Corporate Social Responsibility

With Americans? confidence in banks persistently low since the 2008 financial crisis, the American Bankers Association Community Engagement Foundation launched an interactive map to raise public awareness of the good deeds that banks perform in the communities they serve.?

Titled ?Banks in Their Communities? and housed on the association?s website at, the map allows users to search and view banks? corporate social responsibility programs in six categories: affordable housing; community and economic development; financial education; nontraditional borrower and underbanked; protecting older Americans; and volunteerism. Users can search for the programs by state, category and bank asset size.?

?This map was designed not only to acknowledge the great work banks have done but to act as a resource for those looking to do more and to alert consumers of the programs available to them,? ?said Corey Carlisle, ABA?s senior vice president for Bank Community Engagement.?

The map?s CSR profiles are based on information from entry forms submitted for the foundation?s annual Community Commitment Awards, a national program that recognizes innovative and high-impact ways in which banks contribute to economic growth, community development and quality-of-life enhancement for their customers. A click on New York state, for example, brings up 25 records from the 2012 ? 2014 award years. The records show the 11 awardee banks by name, the categories in which they won an award, and the names of their winning programs in those categories. You can then click on the winning program for further details. In 2013, Goldman Sachs Bank USA in New York City won a Community and Economic Development Award for its 10,000 Small Business Initiative that helps U.S. small businesses create jobs and economic growth by providing entrepreneurs with a practical business education, access to capital and business support services.?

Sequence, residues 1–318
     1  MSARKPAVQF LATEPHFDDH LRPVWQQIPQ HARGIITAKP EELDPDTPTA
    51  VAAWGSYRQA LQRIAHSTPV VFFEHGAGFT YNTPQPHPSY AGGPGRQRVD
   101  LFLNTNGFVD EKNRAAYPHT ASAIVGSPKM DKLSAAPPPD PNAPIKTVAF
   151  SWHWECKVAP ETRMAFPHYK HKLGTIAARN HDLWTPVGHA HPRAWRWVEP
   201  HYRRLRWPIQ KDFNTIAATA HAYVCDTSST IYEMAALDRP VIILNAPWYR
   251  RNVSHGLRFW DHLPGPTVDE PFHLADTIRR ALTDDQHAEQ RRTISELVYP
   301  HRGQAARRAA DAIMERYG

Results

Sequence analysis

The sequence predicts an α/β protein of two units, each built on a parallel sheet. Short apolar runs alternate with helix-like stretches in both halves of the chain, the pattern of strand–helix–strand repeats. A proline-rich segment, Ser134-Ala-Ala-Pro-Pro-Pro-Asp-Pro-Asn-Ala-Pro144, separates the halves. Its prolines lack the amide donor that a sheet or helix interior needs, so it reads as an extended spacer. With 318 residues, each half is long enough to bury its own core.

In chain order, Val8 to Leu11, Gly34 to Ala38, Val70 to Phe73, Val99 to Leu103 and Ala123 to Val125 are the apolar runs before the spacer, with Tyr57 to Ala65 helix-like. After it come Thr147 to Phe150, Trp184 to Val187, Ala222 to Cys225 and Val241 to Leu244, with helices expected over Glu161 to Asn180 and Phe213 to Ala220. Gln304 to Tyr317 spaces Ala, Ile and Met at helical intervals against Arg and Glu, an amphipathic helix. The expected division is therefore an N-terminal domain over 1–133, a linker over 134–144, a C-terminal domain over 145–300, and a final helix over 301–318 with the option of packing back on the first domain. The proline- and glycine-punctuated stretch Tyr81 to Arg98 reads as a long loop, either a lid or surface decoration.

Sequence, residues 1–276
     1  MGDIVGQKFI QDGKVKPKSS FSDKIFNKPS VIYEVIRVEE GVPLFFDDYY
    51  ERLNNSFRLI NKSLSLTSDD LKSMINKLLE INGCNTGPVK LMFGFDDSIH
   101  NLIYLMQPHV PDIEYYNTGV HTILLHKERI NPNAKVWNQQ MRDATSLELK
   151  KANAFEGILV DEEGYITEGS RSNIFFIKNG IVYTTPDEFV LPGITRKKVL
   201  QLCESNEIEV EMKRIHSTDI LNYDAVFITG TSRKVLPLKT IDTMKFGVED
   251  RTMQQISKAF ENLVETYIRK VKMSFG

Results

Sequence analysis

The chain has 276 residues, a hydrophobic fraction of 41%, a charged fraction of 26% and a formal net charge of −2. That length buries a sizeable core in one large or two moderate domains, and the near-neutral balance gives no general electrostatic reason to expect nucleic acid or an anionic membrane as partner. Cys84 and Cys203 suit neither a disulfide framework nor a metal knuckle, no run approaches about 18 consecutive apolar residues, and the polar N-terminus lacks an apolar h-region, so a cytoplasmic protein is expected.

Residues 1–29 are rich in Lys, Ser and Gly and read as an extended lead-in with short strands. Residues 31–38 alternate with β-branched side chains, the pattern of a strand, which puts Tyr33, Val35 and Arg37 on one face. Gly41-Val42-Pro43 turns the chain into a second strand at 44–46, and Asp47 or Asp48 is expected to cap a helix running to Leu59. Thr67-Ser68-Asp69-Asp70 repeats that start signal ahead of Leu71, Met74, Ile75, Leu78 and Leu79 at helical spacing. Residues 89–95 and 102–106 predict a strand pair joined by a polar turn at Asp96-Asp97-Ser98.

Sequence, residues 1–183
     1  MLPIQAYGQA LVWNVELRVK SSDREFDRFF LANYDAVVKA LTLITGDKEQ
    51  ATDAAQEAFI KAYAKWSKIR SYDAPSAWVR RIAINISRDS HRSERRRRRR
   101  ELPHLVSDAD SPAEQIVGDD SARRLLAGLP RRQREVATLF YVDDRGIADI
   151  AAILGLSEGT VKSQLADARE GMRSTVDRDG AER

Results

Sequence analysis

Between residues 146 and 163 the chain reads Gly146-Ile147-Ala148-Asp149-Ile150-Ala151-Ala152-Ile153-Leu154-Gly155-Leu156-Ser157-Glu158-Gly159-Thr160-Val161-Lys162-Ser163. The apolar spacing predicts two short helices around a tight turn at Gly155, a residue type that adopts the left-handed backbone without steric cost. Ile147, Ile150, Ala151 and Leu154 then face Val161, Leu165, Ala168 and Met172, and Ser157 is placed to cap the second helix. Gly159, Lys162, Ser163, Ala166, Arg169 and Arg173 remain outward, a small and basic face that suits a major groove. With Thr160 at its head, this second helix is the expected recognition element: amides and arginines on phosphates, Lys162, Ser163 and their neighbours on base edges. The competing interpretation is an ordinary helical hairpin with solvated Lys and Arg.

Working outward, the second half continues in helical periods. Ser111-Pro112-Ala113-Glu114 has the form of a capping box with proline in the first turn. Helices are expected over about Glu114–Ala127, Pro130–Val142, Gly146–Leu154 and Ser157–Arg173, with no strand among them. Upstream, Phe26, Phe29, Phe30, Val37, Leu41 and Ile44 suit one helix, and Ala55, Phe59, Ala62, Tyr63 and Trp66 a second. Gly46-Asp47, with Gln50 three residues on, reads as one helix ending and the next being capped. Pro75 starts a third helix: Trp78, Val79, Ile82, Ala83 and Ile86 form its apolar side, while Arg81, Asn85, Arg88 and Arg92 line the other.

The American Bankers Association bills itself as ?the voice? of the nation?s $15 trillion banking industry. Whether its foundation?s new tool will soften the distrust more than a quarter of the American population harbors for banks remains to be seen. A June 2014 Gallup Poll shows Americans? confidence in banks well below the pre-recession level of 41 percent measured in June 2007. In that poll, 28 percent of Americans said they had ?very little? confidence, and 2 percent volunteered that they had no confidence. The figures were consistent with the results of Gallup?s 2013 survey. The poll was conducted by telephone nationwide from June 5 to June 8, 2014, with a random sample of 1,027 adults 18 years and older, with a 4 percentage-point margin of error.?

Americans? confidence in banks was relatively high at 49 percent in 2005 and 2006. It dropped 8 percentage points to 41 percent in 2007, fell a combined 19 points in 2008 and 2009, and bottomed out at 21 percent in 2012. Gallup attributes the drop from 2006 to the emergence of the subprime mortgage crisis, the Great Recession that ensued, the collapse of Lehman Brothers bank, and the subsequent government intervention to save several other lending institutions. ?

Four months after the Gallup Poll, a PwC survey found a general distrust of the financial services industry as a whole, with only 32 percent of people saying they trust their retail banks. Bank CSR programs aside, the industry clearly has an image problem that won?t be easy to fix, industry executives concede.

?The lack of trust in the financial services sector partly reflects a failure of providers to articulate the value they are offering, leading to suspicions that their overwhelming priority is to make short-term profits. Providers must find new ways to explain the services they are providing, encourage consumers to voice their goals, priorities and expectations, and to respond to these,? says George Stylianides, PwC?s financial services risk and regulation leader.?